How bout if instead they told you that yours is the logic of a freerider – someone who wants to enjoy the benefits of “collective action” without bearing any of the costs – or that negative externalities aren’t determined by the “group’s desires” but rather by other individuals, folks like yourself, who bear the resulting cost? Do you think mitigating or preventing free-riders and negative externalities are a legitimate use of coercive governmental power?

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      • One other point Damon.

        On a principled level you may think (and I certainly won’t dispute your claim to thinking this :) that you, personally, as a US citizen, are the victim of unconscionably abusive and unjustifiably immoral applications of coercive governmental power. I mean, you have to pay fucking taxes, bro! And abide by “the law”! But when I compare your complaints to the types of problems afflicting most of the ME, the current EU, and latin American countries like Brazil (where 60% of their current sitting senate has been charged with breaking the law) I think your rejection of a state which is anything less than “perfectly non-coercive” is completely irrational. And I mean that empirically. :)

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        • Still,

          Are my issues “first world problems”. Damn f’cking straight they are. If I was living somewhere else I’d probably be packing a AK and and be in some rebel / freedom fighting army. And I’ll be the first person to concede that, as screwed up as this country is, and I actively researched leaving the US and where might be a better place to live, it’s still pretty damn near the top of countries I would want to live. That doesn’t mean that I can’t be pissed off that every day someone is whittling down my freedoms, considers me subhuman for my political beliefs, and makes me want to see things turned around.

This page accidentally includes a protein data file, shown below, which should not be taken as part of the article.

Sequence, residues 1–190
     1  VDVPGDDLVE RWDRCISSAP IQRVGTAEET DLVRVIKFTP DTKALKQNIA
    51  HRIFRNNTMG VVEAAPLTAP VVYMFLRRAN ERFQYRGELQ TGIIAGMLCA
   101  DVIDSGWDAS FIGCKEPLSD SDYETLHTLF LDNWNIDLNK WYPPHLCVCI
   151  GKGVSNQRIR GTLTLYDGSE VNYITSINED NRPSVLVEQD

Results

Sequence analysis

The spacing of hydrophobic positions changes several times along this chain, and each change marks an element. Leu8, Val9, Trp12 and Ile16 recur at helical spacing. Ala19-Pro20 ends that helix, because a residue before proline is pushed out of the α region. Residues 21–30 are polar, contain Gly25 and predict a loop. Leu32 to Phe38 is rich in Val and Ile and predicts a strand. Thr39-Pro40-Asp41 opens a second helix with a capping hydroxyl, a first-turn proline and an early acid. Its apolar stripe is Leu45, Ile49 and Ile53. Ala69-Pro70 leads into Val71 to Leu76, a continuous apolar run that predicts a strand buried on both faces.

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          • Damon,

            That doesn’t mean that I can’t be pissed off that every day someone is whittling down my freedoms,

            I gotta admit that I have a really hard time understanding the logic underlying claims like this. One way to interpret the claim historically: that people like you used to have more freedom than you do now, which just strikes me as absurd. Another way to view the claim ideologically: given an abstract conception of perfect freedom (which includes all the opportunities, access, complexity, mulitplicity of choices, etc etc which comprise our current society) you are experiencing increasing oppression each and every day that passes. Which, again, I find absurd.

            Is there another way to interpret it, one I’m missing (and charitable to the person articulating the view :) ?

            Adding: this comment reminds me of one of the best thing I read Jason K say at this site: something to the effect that all things considered, today is the best day to be alive in the history of humankind. I think he was right, myself.

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      • ” someone who wants to enjoy the benefits of “collective action” without bearing any of the costs” What collective action are we talking about? The collective action the in group wants? If that’s the case, then we are right back where we started. I don’t need to freeload.

        “Do you think mitigating or preventing free-riders and negative externalities are a legitimate use of coercive governmental power?” I’m not sure what you mean by this. Example?